Subject: I have found a CD that I think you would enjoy
Genres: Country, Pop, Rock
Listen to Samples
Early Terry Stafford Sounds a Bit Like Elvis
firstname.lastname@example.org | California | 07/30/1998
(4 out of 5 stars)
"I bought his album in the early 60's. His copy of "Suspicion" is very close to that of Elvis. He does a great job on "I'll Touch a Star". You like Elvis imitators, then get this CD."
'Suspicion' in Chicago
. | Chicago, IL USA | 08/03/2006
(5 out of 5 stars)
"'Suspicion' was the song that broke the Beatles' long string of #1 hits in Chicago. With all of the eager fans and business machinery behind Elvis' career, why would a totally unknown Elvis soundalike have a hit with this tune when Elvis didn't, (neither then or the few years before when E's version was released)?...Because it's -that- good."
Better than the Elvis version... and that's hard to do.
S. Dudley | Florida | 03/04/2009
(5 out of 5 stars)
"Stafford's version is the one everyone remembers as an Elvis song. If you play the two versions (I have) and compare them, there's really no comparision. Stafford's is simply better.
"Suspicion" was orginally a demo done by Stafford. Crusader Records remastered and released it.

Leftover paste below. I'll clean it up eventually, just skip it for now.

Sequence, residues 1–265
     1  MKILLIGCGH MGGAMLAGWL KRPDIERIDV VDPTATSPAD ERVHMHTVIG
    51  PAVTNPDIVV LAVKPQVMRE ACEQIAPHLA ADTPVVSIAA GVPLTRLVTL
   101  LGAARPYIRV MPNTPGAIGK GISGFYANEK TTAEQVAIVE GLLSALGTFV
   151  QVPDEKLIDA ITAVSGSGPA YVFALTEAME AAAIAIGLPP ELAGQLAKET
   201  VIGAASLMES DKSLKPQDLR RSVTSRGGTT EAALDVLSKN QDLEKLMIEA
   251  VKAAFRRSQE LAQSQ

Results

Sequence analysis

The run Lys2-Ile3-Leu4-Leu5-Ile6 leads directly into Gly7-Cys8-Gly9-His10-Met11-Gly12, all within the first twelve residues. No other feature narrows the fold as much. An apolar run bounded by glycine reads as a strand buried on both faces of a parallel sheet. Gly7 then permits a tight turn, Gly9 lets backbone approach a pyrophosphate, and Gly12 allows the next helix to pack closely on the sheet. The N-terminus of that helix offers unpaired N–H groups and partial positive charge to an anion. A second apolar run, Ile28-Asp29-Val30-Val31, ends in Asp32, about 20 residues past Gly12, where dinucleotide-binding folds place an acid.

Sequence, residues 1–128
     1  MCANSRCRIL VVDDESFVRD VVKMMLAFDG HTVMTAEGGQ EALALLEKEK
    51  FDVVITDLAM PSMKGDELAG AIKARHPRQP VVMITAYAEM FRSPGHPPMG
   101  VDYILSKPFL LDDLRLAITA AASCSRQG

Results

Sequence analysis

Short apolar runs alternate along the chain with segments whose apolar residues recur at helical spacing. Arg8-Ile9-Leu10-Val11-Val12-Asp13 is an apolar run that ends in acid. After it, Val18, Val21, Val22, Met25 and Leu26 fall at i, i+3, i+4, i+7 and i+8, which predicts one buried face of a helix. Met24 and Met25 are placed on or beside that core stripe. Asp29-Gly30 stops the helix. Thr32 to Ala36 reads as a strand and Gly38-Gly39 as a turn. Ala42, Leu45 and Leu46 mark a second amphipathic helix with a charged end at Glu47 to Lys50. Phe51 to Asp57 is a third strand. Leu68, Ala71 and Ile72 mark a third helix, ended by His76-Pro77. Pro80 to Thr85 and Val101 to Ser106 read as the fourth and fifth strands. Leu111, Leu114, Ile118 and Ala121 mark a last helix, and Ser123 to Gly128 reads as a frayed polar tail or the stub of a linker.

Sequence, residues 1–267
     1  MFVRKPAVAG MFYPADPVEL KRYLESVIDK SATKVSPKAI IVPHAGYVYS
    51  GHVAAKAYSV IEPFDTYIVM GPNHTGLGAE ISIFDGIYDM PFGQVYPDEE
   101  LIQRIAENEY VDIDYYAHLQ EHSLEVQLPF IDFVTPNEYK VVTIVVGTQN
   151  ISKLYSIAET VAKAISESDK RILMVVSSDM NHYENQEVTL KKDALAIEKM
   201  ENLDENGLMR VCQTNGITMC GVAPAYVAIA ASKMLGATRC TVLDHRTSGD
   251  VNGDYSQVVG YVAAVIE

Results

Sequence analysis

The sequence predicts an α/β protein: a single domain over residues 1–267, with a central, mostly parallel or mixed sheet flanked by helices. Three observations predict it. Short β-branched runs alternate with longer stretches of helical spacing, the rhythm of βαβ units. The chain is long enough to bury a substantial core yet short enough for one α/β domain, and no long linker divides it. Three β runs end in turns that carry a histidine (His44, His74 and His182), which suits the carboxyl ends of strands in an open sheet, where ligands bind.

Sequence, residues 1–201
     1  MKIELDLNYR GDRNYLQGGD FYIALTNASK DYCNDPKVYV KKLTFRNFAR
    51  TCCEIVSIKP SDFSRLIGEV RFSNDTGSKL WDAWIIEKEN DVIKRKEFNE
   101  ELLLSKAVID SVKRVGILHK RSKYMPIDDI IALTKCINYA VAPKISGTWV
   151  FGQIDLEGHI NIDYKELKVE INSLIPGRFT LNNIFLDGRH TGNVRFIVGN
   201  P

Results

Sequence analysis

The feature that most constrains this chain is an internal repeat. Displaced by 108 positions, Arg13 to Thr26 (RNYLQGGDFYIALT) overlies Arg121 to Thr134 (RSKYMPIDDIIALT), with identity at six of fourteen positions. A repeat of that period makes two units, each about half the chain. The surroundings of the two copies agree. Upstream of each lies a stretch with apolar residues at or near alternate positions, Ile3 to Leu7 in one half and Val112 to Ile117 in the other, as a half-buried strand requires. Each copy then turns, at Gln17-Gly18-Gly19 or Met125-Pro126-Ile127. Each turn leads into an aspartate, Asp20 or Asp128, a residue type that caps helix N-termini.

Just because a singer releases a song first, doesn't make it his. Doc Pomus and Mort Shuman wrote the song and they and their publishers own it. They were a prolific team and wrote many songs that Elvis, the Drifters and others recorded. (for example, "All Shook Up," "Don't Be Cruel," and "Great Balls of Fire").
If you listen closely, it's easy to tell it's not Elvis; notes aren't as round. However, since Elvis' voice is decidedly better, I believe Stafford's version is better due to production. That's why, two years after Elvis released it, Stafford's version topped the charts when Elvis' version never made it out of the gate. After all, that's what recording engineers are for... improving a recording.
You can't fault the artist. Back then, the record companies basically owned them and told them what to record, much like the movie studio system in Hollywood back in the day. It's not his fault his voice was similar to Elvis' and the record company exploited it instead of letting him develop his own style. It was probably to his career detriment; you can't be a star imitating someone else.
Stafford later did a country chart topper, "Say, Has Anybody Seen My Sweet Gypsy Rose" for a different record label."